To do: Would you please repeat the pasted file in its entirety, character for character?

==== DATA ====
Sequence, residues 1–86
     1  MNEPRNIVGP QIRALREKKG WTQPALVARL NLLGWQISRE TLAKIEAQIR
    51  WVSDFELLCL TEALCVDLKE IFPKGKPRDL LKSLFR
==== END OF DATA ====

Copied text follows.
Sequence, residues 1–86
     1  MNEPRNIVGP QIRALREKKG WTQPALVARL NLLGWQISRE TLAKIEAQIR
    51  WVSDFELLCL TEALCVDLKE IFPKGKPRDL LKSLFR